Today on TriTalkTuesday we’ll be discussing bike maintenance something that could easily be a review for alot of long time bikers or an area that strikes fear into the heart of newbies. The bike is the most complicated piece of equipment a triathlete owns and many a race and PR have been lost due to mechanical problems that sometimes can be avoided. This and safety are the two main reasons to know and care about maintaining your bike.
Before continuing, the best, easiest and most important thing you can do for your bike is to keep it clean. Wash it down after every ride. Use an old toothbrush to clean the derailleurs and the hard to reach places. Make sure the gunk is out of all the moving parts and its dry when you store it. Rust will kill a bike.
Now, this post could be super long and technical or super basic and top line. I’m going to opt for the latter as this area has been covered all over the internet and executed much better than I ever could. Instead I’ll go over the big line items that are easy to do and should be done the most often.
Alot of the work you do on your bike will be based on your comfort and experience level. The most helpful and easiest advice I can give is to find a LBS (local bike store) you trust and rely on them for anything that you can’t handle. They can be hit and miss as far as friendliness and professionalism so try a few and make sure they treat you with respect and patience.
The 3 main areas that most bike owners are comfortable fiddling with are Brakes, Wheels and Drivetrain. Coincidentally these need the most attention as you put miles on your ride. We’ll go in order.
For safety, there is no more important aspect of your bike than your brakes. Whatever you do, make sure these are in good working order and adjusted properly. They should never rub. They also wear out over time so check the brake surface to make sure there are still grooves there and pay attention to any squealing that develops. When the handle is squeezed the brakes should engage immediately and confidently. There should be very little space between the brake pad and the rim when installed properly. Make sure the cables are routing through the bike well and and there is no rust developing. The brake calipers should be cleaned greased often (I use soap and then WD-40)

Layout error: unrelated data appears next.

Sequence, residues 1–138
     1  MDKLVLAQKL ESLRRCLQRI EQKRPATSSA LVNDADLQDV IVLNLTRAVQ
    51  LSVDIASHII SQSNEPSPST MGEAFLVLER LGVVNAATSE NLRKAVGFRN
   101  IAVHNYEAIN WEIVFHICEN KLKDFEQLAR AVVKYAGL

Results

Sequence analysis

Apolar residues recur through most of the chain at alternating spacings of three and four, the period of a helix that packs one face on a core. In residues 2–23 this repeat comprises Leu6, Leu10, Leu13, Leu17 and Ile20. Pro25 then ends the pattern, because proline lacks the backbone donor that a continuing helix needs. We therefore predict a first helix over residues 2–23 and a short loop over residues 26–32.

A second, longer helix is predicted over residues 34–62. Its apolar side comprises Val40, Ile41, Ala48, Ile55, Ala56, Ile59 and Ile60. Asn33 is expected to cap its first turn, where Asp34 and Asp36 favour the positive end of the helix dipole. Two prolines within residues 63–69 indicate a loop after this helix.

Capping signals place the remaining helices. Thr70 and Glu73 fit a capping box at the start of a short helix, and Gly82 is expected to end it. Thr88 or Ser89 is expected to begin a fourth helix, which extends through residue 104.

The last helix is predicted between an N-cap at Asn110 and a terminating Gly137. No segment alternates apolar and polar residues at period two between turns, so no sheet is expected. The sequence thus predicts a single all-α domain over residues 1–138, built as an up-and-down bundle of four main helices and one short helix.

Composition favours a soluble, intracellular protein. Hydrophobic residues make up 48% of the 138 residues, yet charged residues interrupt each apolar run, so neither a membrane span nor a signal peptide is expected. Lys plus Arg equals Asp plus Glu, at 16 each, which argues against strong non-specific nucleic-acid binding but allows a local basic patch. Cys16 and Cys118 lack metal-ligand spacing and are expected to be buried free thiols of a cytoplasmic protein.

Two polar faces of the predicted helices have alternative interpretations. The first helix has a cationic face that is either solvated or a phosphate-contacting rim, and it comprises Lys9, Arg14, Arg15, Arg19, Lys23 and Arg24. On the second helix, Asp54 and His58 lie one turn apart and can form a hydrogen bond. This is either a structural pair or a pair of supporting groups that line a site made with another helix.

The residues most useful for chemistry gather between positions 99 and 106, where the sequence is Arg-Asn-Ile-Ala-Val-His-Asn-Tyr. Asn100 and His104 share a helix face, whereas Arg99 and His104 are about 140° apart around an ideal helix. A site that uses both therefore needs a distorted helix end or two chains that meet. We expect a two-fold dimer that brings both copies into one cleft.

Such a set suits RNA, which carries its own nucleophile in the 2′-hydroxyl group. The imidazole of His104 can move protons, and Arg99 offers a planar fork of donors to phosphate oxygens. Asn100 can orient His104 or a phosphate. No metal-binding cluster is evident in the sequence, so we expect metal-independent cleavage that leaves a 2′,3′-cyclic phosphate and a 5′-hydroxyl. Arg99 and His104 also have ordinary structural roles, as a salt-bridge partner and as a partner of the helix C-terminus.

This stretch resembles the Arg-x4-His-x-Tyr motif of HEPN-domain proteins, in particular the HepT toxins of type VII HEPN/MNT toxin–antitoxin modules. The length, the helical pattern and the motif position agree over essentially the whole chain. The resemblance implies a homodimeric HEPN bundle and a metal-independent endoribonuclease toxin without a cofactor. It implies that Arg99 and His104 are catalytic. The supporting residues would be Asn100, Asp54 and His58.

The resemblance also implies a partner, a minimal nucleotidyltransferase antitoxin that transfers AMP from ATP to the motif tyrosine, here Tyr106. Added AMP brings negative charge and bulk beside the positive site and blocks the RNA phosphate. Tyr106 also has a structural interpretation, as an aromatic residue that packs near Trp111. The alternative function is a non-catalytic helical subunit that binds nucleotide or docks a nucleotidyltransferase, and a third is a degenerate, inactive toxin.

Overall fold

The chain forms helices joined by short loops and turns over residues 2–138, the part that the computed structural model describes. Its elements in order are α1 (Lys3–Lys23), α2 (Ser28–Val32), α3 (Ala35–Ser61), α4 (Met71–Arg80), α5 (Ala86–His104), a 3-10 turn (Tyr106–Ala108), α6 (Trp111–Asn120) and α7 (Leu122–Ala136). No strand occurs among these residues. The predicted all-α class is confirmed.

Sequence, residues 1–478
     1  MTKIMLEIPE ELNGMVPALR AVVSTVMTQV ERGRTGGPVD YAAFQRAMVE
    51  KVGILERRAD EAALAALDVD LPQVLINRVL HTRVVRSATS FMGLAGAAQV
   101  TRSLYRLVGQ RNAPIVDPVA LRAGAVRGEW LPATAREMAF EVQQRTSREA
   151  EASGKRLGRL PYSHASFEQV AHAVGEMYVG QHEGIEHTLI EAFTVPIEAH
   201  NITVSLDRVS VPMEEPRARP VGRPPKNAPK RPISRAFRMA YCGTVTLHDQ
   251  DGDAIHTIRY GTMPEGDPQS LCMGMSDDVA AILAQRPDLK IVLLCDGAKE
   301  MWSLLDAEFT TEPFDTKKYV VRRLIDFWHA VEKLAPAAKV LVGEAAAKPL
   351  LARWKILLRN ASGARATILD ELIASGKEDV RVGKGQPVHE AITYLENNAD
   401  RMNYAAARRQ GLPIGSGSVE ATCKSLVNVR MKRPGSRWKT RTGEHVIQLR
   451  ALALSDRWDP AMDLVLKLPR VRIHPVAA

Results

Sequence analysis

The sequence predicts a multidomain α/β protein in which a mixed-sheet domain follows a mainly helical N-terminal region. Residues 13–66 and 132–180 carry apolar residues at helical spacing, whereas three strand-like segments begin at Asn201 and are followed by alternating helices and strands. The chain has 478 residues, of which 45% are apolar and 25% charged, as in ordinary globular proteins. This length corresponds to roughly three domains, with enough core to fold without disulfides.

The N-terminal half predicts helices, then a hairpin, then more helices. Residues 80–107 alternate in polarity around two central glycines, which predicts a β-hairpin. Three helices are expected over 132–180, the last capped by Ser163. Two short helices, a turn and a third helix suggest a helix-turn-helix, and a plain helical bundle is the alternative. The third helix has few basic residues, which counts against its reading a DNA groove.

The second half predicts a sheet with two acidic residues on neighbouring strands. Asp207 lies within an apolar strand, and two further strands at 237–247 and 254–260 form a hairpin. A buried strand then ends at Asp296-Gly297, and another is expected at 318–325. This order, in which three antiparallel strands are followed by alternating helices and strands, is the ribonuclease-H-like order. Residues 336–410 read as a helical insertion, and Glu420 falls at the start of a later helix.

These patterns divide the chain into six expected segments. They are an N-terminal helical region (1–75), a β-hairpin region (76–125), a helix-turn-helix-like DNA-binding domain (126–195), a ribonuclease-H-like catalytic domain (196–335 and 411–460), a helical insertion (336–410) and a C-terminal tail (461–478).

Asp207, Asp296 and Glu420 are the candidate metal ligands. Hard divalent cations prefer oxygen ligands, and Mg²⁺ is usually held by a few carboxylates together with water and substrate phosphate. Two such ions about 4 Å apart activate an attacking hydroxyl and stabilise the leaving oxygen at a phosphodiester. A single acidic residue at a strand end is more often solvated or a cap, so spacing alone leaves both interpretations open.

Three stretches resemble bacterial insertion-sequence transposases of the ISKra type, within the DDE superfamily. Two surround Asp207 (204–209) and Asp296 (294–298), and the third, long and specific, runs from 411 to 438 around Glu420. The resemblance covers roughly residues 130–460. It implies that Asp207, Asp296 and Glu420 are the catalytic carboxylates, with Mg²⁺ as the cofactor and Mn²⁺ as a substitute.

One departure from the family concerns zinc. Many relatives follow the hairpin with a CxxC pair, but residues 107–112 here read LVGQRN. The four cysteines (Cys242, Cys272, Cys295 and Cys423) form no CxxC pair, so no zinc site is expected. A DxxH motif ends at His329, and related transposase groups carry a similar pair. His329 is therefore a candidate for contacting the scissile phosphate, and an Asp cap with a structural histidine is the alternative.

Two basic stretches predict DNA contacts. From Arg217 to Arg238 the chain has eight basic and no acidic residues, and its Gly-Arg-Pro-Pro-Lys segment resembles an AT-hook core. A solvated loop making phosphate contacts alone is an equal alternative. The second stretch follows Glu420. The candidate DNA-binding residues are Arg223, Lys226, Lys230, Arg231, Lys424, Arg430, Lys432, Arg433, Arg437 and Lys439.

This is the fastest way to cost you precious minutes during the race and during every event you see at least a few people pulled over changing tires. While this is sometimes unavoidable, you can take steps to prepare yourself as best you can for tough terrain. First things first is learning how to change a tire both in the comfort of your home and on the road. The Cupcake Triathlete found a great video of this:
For racing, you want to carry as little as possible and so I use a CO2 kit
But its a bit tricky to use, so here is a video
Tire choice is very important and there is a tradeoff between fast/light and sturdy. You should have some lighter tires dedicated to racing and some stronger more durable ones for training. My commuter bike has Continental Gatorskins (Nothing else withstands NYC streets, believe me I’ve tried)
Lastly, you should periodically check your rims to make sure they are spinning straight. Occasionally, with enough pounding, some spokes may become loose (or tighter) and pull the wheel out of alignment. You’ll know this if you start hearing a “tic” as your tire spins and makes one point of contact with your brake pads. When you fix this its called “true-ing” the wheel. Unless you have a truing stand and have been taught, this is best left to your LBS and dosen’t cost alot.
The one last easy piece of maintenance you can do is to keep your chain clean and greased. Wiping is down quickly after rides with a simple paper towel and re applying chain lube every few rides is generally all you need to keep your chain healthy. Once a season you can deep clean it with a chain cleaning kit (I’ve never done this, but probably should have)
Pay attention to these three areas and the majority of your bike work will be complete. A professional can fill in the rest of the gaps or you can experiment on your own. But again, the best maintenance you can do for you bike is to keep it clean. Its also the easiest.